Pups treated with L-NAME from P1 to P3 were killed by decapitation six hours after the last treatment. Some of them received a single s.c. injection of the thymidine analogue 5-bromo-2-deoxyuridine (BrdU, 100 μg/g; Sigma) 2 hours before sacrifice. Cerebella were quickly removed and fixed for 24 hours in the glyoxal-based fixative Glyofix (Italscientifica spa, Geneva, Italy). After dehydration in a graded ethanol series, the cerebella were embedded in Paraplast plus (Sherwood Medical, St Louis, MO, USA; mp 55-57°C), parasagittally sectioned (8 μm) with a Leitz 1516 microtome and mounted on poly-L-lysine-coated slides. The sections were dewaxed, rehydrated and the endogenous peroxidases were inactivated with 0.3% hydrogen peroxide in methanol for 30 minutes and extensively washed. The sections were then incubated with primary antibody (rabbit anti-Myc, 1:100; Santa Cruz) overnight in a moist chamber at 4°C and subsequently incubated for 1.5 hours in the secondary antibody: goat HRP-conjugated anti-rabbit (dilution 1:100, Amersham) in PBS containing 1% BSA and 0.1% Tween 20. After rinsing in 0.1 M phosphate buffer, pH 7.4, the sections were treated with a diaminobenzidine substrate kit (Vector Laboratories). The sections were then dehydrated in ethanol, cleared in xylene and mounted in Permount (Fisher Scientific, Pittsburgh, PA) with coverslips. Sections from cerebella of pups injected with BrdU (three controls and three L-NAME treated) were denatured in 2 N HCl for 20 minutes at 37°C, rinsed for 20 minutes in 0.1 M boric acid (pH 8.5) and incubated overnight with an anti-BrdU mouse monoclonal antibody (Chemicon; diluted 1:100). Slices were then incubated with HRP-conjugated anti-mouse (dilution 1:200, Amersham) secondary antibody for 1.5 hours at room temperature. BrdU was detected using a DAB kit (Vector Laboratories). Bright-field images where taken on a Leitz Diaplan microscope equipped with a motorized stage and a Coolsnap-Pro Color digital camera (Media Cybernetics, Silver Spring, MD). BrdU-positive cells in the external granular layer (EGL) and internal granular layer (IGL) of the cerebellum were counted separately in 12 sections from each animal. The number of BrdU-positive cells was expressed as the number of BrdU-positive cells per unit of area (mm2).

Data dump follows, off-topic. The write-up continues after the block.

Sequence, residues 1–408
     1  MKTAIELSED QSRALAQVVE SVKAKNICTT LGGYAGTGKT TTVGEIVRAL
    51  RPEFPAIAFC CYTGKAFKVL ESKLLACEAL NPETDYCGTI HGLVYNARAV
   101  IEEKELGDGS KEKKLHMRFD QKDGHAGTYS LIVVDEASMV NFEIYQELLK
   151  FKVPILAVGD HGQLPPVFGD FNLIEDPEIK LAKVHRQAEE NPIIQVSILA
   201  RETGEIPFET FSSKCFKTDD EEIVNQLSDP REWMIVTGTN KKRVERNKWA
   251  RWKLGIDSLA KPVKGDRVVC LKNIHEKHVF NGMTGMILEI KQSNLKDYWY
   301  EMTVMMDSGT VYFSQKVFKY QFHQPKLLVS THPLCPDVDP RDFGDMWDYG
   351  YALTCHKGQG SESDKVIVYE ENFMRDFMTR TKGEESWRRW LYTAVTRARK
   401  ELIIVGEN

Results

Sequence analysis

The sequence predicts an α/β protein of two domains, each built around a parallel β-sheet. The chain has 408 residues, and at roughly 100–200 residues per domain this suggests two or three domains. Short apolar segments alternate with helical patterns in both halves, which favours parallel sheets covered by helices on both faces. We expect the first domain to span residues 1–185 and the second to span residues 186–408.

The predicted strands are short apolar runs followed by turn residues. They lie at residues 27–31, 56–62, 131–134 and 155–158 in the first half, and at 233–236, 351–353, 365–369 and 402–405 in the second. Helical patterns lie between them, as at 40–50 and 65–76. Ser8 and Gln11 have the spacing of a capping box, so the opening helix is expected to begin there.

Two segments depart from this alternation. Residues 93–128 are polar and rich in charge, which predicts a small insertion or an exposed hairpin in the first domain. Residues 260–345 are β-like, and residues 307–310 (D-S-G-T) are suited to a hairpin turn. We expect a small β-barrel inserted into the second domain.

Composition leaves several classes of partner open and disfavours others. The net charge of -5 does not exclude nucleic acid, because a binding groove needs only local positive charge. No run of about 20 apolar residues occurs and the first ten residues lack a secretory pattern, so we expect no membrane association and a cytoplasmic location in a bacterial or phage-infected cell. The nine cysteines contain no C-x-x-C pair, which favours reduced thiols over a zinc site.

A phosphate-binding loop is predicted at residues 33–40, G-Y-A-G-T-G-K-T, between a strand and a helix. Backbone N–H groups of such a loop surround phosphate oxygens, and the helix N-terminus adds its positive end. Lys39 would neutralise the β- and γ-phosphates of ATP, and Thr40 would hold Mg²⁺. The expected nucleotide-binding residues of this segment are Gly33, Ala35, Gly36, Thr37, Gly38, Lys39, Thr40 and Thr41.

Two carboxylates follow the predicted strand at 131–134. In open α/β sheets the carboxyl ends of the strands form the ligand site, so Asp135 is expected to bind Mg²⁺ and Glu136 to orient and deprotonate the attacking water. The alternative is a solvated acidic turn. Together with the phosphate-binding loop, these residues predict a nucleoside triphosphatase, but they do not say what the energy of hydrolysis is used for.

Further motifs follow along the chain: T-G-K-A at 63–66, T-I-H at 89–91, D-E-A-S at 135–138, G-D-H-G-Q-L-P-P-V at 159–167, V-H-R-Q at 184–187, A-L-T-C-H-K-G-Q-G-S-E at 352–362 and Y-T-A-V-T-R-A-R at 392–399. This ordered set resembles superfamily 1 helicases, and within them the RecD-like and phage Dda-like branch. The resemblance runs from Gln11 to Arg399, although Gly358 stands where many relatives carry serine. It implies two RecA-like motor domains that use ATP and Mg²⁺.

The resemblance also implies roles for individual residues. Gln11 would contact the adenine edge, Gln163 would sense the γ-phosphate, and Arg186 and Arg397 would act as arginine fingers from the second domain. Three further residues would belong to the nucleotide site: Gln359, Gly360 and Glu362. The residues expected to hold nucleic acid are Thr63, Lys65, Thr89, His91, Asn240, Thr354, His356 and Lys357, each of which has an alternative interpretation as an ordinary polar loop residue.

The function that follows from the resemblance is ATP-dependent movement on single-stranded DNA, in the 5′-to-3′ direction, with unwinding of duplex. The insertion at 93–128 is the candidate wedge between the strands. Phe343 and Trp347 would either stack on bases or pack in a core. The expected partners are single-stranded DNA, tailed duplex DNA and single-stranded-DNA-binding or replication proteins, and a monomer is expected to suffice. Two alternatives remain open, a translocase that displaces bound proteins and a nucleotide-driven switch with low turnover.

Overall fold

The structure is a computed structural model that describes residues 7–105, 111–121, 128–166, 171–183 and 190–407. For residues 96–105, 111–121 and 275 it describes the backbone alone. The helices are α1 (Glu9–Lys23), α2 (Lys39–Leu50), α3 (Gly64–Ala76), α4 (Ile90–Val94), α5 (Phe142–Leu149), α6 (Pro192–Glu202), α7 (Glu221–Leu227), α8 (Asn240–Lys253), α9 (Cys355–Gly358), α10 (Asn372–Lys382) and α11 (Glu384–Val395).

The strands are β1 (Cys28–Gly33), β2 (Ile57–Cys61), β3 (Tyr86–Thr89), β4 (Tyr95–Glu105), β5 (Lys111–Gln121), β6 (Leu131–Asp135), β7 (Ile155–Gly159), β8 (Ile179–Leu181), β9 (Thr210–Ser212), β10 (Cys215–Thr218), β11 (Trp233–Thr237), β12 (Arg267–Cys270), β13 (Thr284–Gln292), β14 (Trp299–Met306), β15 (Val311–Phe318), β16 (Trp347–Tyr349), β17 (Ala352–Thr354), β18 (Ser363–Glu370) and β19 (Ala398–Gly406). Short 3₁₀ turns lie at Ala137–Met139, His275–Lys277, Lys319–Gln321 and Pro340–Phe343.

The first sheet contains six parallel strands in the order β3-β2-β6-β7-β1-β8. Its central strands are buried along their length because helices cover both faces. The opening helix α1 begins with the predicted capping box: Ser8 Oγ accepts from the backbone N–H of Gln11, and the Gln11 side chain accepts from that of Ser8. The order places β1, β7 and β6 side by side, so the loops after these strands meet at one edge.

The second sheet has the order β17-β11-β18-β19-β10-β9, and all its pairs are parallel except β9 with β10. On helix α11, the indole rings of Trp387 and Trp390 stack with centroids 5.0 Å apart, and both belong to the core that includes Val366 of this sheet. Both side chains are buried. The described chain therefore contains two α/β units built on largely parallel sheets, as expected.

To determine cells undergoing division and surviving up to 60 days of age, rat pups received a single s.c. injection of the marker of proliferating cells and their progeny, BrdU (Nowakowski et al., 1989), on P3 or P7 after 3 days administration of L-NAME or vehicle. At 60 days of age the animals were deeply anesthetized and perfused through the heart with saline, followed by 4% paraformaldehyde in 100 mM phosphate buffer, pH 7.4. The brains were dissected from the skull and additionally fixed overnight in the same fixative, washed and immersed overnight in 18% sucrose in phosphate buffer. Cerebella were cut parasagitally in 40 μm-thick slices with a freezing microtome and serially collected in PBS. For BrdU immunohistochemistry, free-floating sections were permeabilized with 0.1% Triton X-100 in PBS for 10 minutes. The sections were treated with 0.3% hydrogen peroxide in methanol for 30 minutes to quench endogenous peroxidase activity and thereafter rinsed three times for 5 minutes in 0.1% Triton X-100 in PBS. The sections were denatured in 2 N HCl for 20 minutes at 37°C, rinsed for 20 minutes in 0.1 M boric acid (pH 8.5) and incubated overnight with an anti-BrdU mouse monoclonal antibody (Chemicon; diluted 1:100). Slices were then incubated with HRP-conjugated anti-mouse (dilution 1:200, Amersham) secondary antibody for 1.5 hours at room temperature, and BrdU was detected using a DAB kit (Vector Laboratories). BrdU-positive cells in the cerebellum were counted in corresponding three or four lamellae every fourth or sixth section in a series of 40 μm parasagittal sections for each cerebellum in three animals for condition. The count was done separately in the molecular layer (ML) and granular layer (GL) and the number of BrdU-positive cells was related to the area and expressed as number of BrdU-positive cells per unit of area (mm2).